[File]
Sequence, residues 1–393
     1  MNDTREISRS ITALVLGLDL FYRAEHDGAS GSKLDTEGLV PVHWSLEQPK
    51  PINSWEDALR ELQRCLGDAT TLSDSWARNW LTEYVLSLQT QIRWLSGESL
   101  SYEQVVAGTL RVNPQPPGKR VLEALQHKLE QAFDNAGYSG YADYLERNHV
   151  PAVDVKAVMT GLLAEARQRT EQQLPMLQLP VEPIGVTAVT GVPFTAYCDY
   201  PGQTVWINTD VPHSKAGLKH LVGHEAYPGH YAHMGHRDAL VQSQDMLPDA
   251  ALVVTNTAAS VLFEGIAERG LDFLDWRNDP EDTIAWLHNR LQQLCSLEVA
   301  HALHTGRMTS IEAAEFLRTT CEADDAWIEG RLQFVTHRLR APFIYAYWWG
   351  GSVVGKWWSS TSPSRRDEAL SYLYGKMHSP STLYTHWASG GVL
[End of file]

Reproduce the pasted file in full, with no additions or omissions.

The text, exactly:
Sequence, residues 1–393
     1  MNDTREISRS ITALVLGLDL FYRAEHDGAS GSKLDTEGLV PVHWSLEQPK
    51  PINSWEDALR ELQRCLGDAT TLSDSWARNW LTEYVLSLQT QIRWLSGESL
   101  SYEQVVAGTL RVNPQPPGKR VLEALQHKLE QAFDNAGYSG YADYLERNHV
   151  PAVDVKAVMT GLLAEARQRT EQQLPMLQLP VEPIGVTAVT GVPFTAYCDY
   201  PGQTVWINTD VPHSKAGLKH LVGHEAYPGH YAHMGHRDAL VQSQDMLPDA
   251  ALVVTNTAAS VLFEGIAERG LDFLDWRNDP EDTIAWLHNR LQQLCSLEVA
   301  HALHTGRMTS IEAAEFLRTT CEADDAWIEG RLQFVTHRLR APFIYAYWWG
   351  GSVVGKWWSS TSPSRRDEAL SYLYGKMHSP STLYTHWASG GVL